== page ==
Effects of RJ on the antioxidant ability of the liver and kidney

In the liver homogenates of RJ-treated groups, T-AOC and GR concentrations were significantly augmented compared with those of the 4T1 control group; while only TRJ1.5 group had an SOD value significantly higher compared with that of the 4T1 control group (Fig. 4). For the kidney homogenates, there was no significant difference in SOD activity among the groups in the experiment. The value of T-AOC and GR of all the groups was similar to those of the 4T1 control group, except the PTRJ0.5 group, which had significantly higher T-AOC and GR values.


Previous studies have reported antitumoral effects of RJ on various types of tumor, including Ehrlich ascetic tumor (22), Sarcoma-180 ascites (23), and fibrosarcoma transplantable tumors (24). For the majority of tumors, RJ significantly prolongs the average life span of murine tumor models and the effect depends on the treatment protocol used (22,23). The results of the present study suggested that the doses of RJ solution applied were nontoxic to the mice, as no abnormal fluctuation in weight or behaviors of mice was observed. It was demonstrated that RJ significantly inhibited tumor growth in 4T1-bearing mice when orally administered in prophylactic-therapeutic method with the doses of 0.5 and 1.5 g/kg; however, RJ had no significant effect on growth of 4T1-bearing mice when given to mice following tumor cell inoculation. This result suggests that the antitumor effect of RJ primarily depends on the time of application, and RJ has little or no estrogen agonism on 4T1-bearing mice. Furthermore, the results demonstrated that administering RJ orally using the prophylactic-therapeutic method may benefit controlling tumor growth. Accumulating evidence suggested the antitumor effect of RJ may be due to 10-hydroxy-2-decenoic acid and saturated fatty acids (25,26).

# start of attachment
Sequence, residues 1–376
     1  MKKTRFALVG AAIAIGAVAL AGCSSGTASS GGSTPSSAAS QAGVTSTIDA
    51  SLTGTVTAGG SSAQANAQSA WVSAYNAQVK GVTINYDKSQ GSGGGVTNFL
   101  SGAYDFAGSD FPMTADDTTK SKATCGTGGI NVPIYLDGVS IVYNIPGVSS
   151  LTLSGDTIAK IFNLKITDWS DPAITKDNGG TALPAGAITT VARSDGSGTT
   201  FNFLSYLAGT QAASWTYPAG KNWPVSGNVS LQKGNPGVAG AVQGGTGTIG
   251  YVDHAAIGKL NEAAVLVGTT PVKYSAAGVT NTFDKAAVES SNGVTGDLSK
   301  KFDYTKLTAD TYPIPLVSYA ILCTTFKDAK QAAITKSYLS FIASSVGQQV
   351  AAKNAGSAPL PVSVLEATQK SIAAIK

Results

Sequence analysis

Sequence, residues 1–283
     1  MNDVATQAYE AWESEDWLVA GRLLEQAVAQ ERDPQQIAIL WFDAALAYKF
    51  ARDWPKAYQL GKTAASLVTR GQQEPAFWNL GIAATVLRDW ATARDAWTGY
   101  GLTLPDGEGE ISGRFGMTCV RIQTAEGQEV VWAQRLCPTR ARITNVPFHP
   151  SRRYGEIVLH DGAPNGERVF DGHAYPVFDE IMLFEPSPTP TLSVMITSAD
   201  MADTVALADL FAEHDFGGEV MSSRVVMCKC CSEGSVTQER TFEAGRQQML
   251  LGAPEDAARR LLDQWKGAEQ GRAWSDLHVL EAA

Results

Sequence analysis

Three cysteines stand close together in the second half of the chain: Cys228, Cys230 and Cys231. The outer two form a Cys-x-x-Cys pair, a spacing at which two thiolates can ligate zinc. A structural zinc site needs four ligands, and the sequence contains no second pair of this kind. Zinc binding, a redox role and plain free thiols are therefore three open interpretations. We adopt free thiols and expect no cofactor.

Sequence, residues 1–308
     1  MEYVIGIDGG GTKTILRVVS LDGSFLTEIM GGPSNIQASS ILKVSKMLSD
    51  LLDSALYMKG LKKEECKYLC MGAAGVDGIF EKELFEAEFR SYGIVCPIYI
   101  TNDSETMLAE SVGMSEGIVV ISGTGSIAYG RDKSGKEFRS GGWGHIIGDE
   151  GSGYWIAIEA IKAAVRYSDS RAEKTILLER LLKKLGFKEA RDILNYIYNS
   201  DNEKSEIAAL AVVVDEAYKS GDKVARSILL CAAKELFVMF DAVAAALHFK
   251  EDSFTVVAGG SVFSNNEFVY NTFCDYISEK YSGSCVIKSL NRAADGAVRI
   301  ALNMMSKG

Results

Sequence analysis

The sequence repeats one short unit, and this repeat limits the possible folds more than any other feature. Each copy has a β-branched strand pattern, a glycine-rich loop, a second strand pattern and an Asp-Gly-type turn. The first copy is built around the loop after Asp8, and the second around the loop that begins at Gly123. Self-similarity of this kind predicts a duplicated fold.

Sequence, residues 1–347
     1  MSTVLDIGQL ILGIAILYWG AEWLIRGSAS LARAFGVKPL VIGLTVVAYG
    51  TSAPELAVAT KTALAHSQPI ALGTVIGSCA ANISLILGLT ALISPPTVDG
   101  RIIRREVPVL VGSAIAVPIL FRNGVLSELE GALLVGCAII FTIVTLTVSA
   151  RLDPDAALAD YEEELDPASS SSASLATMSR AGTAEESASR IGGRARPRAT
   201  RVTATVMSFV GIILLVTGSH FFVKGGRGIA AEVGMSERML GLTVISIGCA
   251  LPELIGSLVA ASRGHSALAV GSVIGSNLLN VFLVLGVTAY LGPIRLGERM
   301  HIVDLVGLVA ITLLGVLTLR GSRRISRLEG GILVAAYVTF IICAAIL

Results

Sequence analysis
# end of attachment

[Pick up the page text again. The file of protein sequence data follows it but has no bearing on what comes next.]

No significant effects were observed on the weight of lung and kidney following both RJ treatments. Male (27) reported that cell-mediated and humoral immunity were affected during immune suppression, and this phenomenon was reflected in the changes in the functions of spleen and thymus. The thymus weight of all the groups, which were treated with RJ, was significantly reduced compared with that of 4T1 control group. In addition, all three PTRJ groups and the TRJ1.5 group exhibited significantly reduced spleen weights compared with the 4T1 control group. These results suggest that the weight of the spleen and thymus are significantly reduced with RJ treatment. Since the immune organ index is only a superficial indicator of immune function (28), the precise effects of RJ on immune system require further study.

It has been suggested that immunomodulation of a host system could inhibit tumor growth; therefore, immunotherapy is considered as an adjuvant therapy for cancer treatment (29). Certain studies have reported that targeting tumor-associated plasmacytoid dendritic cells to restore their IFN-α production may be an achievable therapeutic strategy to induce antitumor immunity in breast cancer (3032). These studies suggested that IFN-α was important for the inhibition of breast cancer development (3032). In the present study, the level of IFN-α in all six groups treated with RJ was significantly increased, indicating that RJ serves an important role in immunomodulation.